Was Rolling Stone Giddy To See Notre Dame Cathedral Burn?

Written by Wes Walker on April 18, 2019

They gave a token nod to the horror of the loss before tearing the mask off and showing their true face.

Amazing how quickly the text switched from “the world watched in open-mouthed horror” to “fire has also raised important questions about the cathedral’s symbolic significance in an increasingly divided France”.

We all know instinctively exactly where this is going, don’t we? Here it comes (emphasis added):

But for some people in France, Notre Dame has also served as a deep-seated symbol of resentment, a monument to a deeply flawed institution and an idealized Christian European France that arguably never existed in the first place. “The building was so overburdened with meaning that its burning feels like an act of liberation,” says Patricio del Real, an architecture historian at Harvard University. If nothing else, the cathedral has been viewed by some as a stodgy reminder of “the old city — the embodiment of the Paris of stone and faith — just as the Eiffel Tower exemplifies the Paris of modernity, joie de vivre and change,” Michael Kimmelmann wrote for the New York Times.

Despite politicians on both sides of the French political spectrum discouraging people from trying to politicize the Notre Dame fire, it would be a mistake to view the building as little more than a Paris tourist attraction, says John Harwood, an architectural historian and associate professor at the University of Toronto. “It’s literally a political monument. All cathedrals are,” he says. For centuries, the cathedral was the seat of the bishop of the Catholic Church at a time when there was virtually no distinction between church and state. “It was the center and seat of political power not just in Paris, but in France,” he says. “And that remained the case even after the French Revolution and through successive revolutions and political power and regimes.”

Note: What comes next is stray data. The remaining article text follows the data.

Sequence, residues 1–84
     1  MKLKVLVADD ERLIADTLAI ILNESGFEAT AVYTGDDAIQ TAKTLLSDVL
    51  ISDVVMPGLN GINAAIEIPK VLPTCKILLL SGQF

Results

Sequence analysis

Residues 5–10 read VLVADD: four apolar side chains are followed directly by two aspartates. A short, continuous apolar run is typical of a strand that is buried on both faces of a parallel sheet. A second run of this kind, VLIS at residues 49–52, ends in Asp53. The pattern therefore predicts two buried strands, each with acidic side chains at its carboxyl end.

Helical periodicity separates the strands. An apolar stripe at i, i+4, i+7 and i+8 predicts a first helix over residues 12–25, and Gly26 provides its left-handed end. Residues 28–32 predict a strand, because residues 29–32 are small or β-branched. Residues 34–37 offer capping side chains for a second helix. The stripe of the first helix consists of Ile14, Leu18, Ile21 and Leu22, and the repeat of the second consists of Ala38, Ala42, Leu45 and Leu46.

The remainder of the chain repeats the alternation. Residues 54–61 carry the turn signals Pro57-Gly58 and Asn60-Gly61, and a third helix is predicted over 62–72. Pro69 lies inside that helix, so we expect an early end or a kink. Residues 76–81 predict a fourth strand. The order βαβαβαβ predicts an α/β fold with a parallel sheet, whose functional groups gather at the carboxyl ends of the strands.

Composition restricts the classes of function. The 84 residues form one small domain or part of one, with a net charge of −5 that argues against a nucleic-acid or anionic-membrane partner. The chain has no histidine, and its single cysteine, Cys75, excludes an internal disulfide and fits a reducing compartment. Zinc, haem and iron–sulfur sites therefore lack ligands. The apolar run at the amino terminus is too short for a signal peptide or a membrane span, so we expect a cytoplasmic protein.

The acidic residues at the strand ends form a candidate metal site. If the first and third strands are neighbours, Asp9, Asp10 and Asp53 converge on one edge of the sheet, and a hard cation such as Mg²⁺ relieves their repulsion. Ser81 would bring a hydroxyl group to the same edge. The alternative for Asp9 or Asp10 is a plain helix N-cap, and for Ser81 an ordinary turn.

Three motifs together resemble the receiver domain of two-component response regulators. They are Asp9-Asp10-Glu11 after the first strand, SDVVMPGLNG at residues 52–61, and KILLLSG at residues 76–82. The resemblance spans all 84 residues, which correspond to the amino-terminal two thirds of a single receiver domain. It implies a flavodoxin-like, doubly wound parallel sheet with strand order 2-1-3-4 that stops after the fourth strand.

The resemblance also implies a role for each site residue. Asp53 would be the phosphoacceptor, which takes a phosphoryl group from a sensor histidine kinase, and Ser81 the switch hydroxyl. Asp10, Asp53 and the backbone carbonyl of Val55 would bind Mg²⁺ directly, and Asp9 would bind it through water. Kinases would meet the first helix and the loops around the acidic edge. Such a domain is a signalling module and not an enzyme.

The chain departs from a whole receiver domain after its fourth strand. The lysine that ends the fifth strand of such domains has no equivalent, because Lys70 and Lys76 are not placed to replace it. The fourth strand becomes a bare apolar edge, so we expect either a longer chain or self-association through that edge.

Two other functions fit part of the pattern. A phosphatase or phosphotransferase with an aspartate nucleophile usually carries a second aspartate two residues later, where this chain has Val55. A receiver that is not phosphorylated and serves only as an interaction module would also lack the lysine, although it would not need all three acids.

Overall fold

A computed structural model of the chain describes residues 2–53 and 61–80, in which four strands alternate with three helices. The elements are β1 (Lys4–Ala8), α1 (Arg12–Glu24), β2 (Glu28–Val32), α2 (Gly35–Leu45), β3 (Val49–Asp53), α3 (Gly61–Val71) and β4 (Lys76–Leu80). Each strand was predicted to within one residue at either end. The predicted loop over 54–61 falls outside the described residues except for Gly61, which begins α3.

They really hate the fact that some of us actually take this whole ‘Jesus’ thing seriously don’t they?

And Holy Week is such an ideal time to have this conversation about how they loathe Christianity.

What it means to be “French,” however, has obviously changed a great deal over the past few centuries. While France is still predominantly Christian, the number of practicing Catholics has fallen year after year, from 64% in 2010 to 56% in 2012, according to one census figure. The number of Muslims in France is also growing, comprising more than 5% of the population (up from 3% in 2006) giving rise to rampant Islamophobia and the birth of far-right extremist parties like the National Front, headed by extremist Marine Le Pen. A profound income gap has also led to the explosion of protests from so-called “yellow vests,” a movement primarily made up of lower-middle-class and middle-class youth on the left who have vandalized many similarly historically significant French monuments (and whose latest actions Macron was expected to comment on in a scheduled press conference, which was postponed when Notre Dame started burning). In fact, in the hours following the fire, many started blaming the accident on the yellow vests; there was also a flurry of Islamophobic posts on social media attributing the fire to Muslim extremist terrorists, despite the fact that all evidence currently indicates that the blaze was accidental. (emphasis in the original)

In this entire piece, what was it that Rolling Stone thought considered the most important takeaway?

‘Liberated’ from history and meaning, eh?

Great pick for Holy Week, Rolling Stone. How about some of your staff show up for Good Friday service somewhere and see for yourselves what it is you’re so quick to erase from history.

How are the people who see this as ‘liberation’ any better than the ‘Firemen’ in Ray Bradbury’s Fahrenheit 451, or the Taliban systematically destroying religious relics from rival religions?

You’re secular, and you hate the Christian faith. We get it.

But that doesn’t mean you need to go Full Taliban, either.

Get Doug Giles’ new book:

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